The maiden aunt of Parisian grand hotels has been transformed into the exciting young niece. Of all the palace hotels in Paris, one always used to strike me as being quieter and more reserved than the rest. No longer. The staid old Royal Monceau has become the flamboyant Raffles Royal Monceau. For the designer Philippe Starck has waved his magic wand, and the most traditional hostelry in Paris has become an Aladdin’s Cave of modern art and design. There is a private cinema, an ‘art concierge’ (to help you buy your next Picasso), an art bookshop and a gallery for contemporary art called, ‘Art District’. Then, after such aesthetic excitement, you can relax at the Clarins Spa and have a dip in its 23 metre pool. And over all this presides one of Europe’s best hotel managers, the charming Aaron Kaupp (pictured).
The Royal Monceau has been an adornment to the avenue Hoche since 1928. The Allied general staffs had the good sense to stay here in 1945, and three years later it was here that David Ben Gurion signed the proclamation creating the state of Israel. My own presence was perhaps of less historical significance, but I am sure that I appreciated my surroundings just as much as my distinguished predecessors. Mr Starck cares about details and he has a sense of humour. There was therefore much to occupy the eye in my suite on the fifth floor.
Room 518 is a ‘Gallery Suite’ (1,608€ a night, breakfast extra). I entered and spotted immediately the guitar in the sitting room. Sadly, my musical instruction never progressed further than that required for the lowest examination grade of the violin, so I felt I should leave the instrument un-plucked. Instead, I admired the numerous mirrors, the abundance of light wood, the handsome leather sofa and the large writing desk. The top of the last appeared skew-whiff, so I attempted (and failed) to straighten it – but, of course, I had failed to realise its ‘skew-whiffness’ was one of the designer’s little jokes.
Sliding doors led into my bedroom, with its wonderfully soft and comfortable bed and its dressing-room off. Then further sliding doors opened into my bathroom. I like large bathrooms, and this chamber of white marble was large. Its two wash basins were square and rather shallow, but its bath tub was very much to my taste: curvaceous and deep. The separate shower room was useful, as was the separate lavatory. In the latter I found something which gave me a fright. This was my first encounter with a loo seat which, apart from being heated, lifted itself. Thus does technology march on.
Breakfast (58€) is served in the restaurant La Cuisine on the ground floor. Here I spent my mornings – for I do not rush the first meal of the day – at a table in an alcove, sitting upon a dark grey sofa. On no account should you miss breakfast at the Royal Monceau, for in every respect it is excellent. And here I should mention the kind and attentive service I experienced throughout the hotel, from members of staff who were unfailingly efficient and courteous and who used my name in a proper and friendly manner. The breakfast buffet is stocked with fine comestibles, including breads, jams, honey, cheeses, fruit and smoked salmon. And the waitresses were happy to bring to me mushrooms on toast, bacon, superb scrambled egg and my Grandfather’s Breakfast (porridge made with water, brown bread and butter and sliced, raw onion). These beginnings to my days were hugely enjoyable.
In the evenings La Cuisine becomes Matsuhisha Paris, a highly regarded Japanese restaurant with Hideki Endo as the Executive Chef. But I dined at the Royal Monceau’s Michelin-starred Italian restaurant, Il Carpaccio, which occupies an intimate conservatory overlooking the hotel’s inner garden. With its discreet lighting, white napery, leather armchairs and waiters in dark suits, this is a space which suggests seriously good cuisine. And seriously good cuisine is exactly what I got.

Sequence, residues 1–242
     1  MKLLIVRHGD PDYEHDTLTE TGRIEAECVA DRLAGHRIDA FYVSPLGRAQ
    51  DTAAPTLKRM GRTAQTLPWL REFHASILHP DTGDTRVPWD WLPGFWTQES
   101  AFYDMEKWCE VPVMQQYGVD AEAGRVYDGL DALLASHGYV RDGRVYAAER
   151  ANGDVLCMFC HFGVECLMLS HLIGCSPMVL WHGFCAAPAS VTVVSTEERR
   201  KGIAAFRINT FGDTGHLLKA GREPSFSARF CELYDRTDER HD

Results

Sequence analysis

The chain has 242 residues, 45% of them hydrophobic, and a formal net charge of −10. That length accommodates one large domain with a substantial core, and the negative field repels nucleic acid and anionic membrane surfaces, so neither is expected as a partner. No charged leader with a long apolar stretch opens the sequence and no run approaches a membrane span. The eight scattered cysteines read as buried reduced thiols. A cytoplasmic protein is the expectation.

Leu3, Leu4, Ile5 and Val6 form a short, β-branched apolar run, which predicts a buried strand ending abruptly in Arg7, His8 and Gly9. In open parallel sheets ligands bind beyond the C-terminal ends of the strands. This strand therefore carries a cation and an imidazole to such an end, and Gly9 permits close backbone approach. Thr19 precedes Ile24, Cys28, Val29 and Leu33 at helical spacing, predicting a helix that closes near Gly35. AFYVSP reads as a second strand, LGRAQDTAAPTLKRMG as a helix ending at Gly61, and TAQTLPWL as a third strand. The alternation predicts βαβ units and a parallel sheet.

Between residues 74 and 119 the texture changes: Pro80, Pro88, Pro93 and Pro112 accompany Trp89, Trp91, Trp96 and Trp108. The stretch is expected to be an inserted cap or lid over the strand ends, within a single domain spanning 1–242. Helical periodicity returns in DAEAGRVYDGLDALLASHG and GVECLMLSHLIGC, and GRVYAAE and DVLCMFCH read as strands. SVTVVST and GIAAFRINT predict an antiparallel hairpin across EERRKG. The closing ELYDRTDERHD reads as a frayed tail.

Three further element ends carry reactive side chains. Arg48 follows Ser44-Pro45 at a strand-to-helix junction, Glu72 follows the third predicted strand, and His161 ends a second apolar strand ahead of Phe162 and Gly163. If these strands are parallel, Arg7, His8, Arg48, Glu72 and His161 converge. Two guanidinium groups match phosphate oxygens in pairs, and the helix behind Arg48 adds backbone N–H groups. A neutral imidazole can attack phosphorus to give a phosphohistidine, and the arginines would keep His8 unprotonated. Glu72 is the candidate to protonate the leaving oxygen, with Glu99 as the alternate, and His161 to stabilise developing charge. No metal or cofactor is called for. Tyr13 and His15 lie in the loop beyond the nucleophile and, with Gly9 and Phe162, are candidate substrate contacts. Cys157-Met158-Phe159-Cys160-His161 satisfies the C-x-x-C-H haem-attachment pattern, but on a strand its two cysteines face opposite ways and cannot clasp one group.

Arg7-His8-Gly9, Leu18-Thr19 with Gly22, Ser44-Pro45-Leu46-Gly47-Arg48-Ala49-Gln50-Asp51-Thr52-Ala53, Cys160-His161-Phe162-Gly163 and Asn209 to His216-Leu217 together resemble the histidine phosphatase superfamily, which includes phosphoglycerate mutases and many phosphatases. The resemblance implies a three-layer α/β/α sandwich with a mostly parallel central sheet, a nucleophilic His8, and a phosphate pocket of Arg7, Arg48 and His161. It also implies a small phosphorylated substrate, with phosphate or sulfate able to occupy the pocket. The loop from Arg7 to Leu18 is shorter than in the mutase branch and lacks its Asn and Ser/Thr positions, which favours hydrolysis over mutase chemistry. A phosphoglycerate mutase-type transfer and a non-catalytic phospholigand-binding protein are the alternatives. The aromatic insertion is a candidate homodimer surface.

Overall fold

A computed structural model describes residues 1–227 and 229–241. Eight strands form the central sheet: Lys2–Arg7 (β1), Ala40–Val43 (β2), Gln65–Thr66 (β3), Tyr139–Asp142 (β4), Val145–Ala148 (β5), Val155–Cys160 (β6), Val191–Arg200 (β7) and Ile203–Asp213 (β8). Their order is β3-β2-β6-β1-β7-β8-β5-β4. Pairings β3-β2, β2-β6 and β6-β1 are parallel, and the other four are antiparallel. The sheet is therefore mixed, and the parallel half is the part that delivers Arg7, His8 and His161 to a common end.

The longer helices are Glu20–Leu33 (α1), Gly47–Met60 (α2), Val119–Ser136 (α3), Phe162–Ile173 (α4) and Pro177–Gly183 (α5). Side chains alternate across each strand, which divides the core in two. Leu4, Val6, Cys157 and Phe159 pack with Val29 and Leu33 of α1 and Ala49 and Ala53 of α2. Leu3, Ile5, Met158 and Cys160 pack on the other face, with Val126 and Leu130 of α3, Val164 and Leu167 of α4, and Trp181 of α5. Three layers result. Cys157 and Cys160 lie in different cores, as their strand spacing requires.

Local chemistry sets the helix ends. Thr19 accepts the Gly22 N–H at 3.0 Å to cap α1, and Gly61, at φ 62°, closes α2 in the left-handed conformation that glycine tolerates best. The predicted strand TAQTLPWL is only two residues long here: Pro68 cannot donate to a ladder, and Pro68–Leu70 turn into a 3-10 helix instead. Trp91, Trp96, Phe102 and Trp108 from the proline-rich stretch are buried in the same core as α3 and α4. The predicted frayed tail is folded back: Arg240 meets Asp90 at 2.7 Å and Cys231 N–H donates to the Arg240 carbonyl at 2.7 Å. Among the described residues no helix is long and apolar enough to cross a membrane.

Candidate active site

It being the season of the Divine Fungus, I decided to have the Black Truffle Menu (263€). This displayed Chef Michele Fortunato’s admirable talent for taking the finest ingredients, handling them with intelligence and flair, and sending from his kitchen dishes which are as ravishing to the eye as they are delightful to the palate. First came carpaccio of sea bream, delicate and delicious, with the truffle shaved over the top at the table. Next it was tremendously good tagliolini. Before it was presented to me it was rolled around within a huge Parmigiano cheese (which had been sliced in two horizontally). Then, when it was set before me, a multitude of flakes of truffle gently descended upon its welcoming form. This was as good a version of this classic dish as I have ever eaten – and I have eaten quite a few. My main course was a handsome piece of beef fillet, with lovely mashed potatoes and truffle. And I finished with an iced hazelnut parfait, which reminded me of the choc ices to which I was devoted in my childhood.
The Italian waiters, orchestrated by Maitre d’ Mauro Mannai, provided service which was pleasant and courteous. There was canned music – of which I am not a fan – but it was low and inoffensive. Chef Sommelier Marcantonio Sassi presides over a wine list which, apart from the champagnes, is all Italian. The prices of its 382 offerings run from 45€ for a Puglian white to 10,000€ for a jeroboam of 1999 Cristal champagne. Other bottles to catch my eye were: Krug Grande Cuvée (390€), 2013 Cervaro della Sala (185€), 2010 Solaia (850€), 2011 Tignanello (550€), 2011 Sassicaia (950€) and 2013 Masseto (1,800€). Champagnes by the glass include one of my favourites, the toasty Laurent Perrier Grande Siècle (39€).
I left Il Carpaccio full of gastronomic joy and full, too, of admiration for the whole hotel, which has been re-invented to great effect. The Raffles Royal Monceau is now one of the liveliest of the palace hotels of Paris.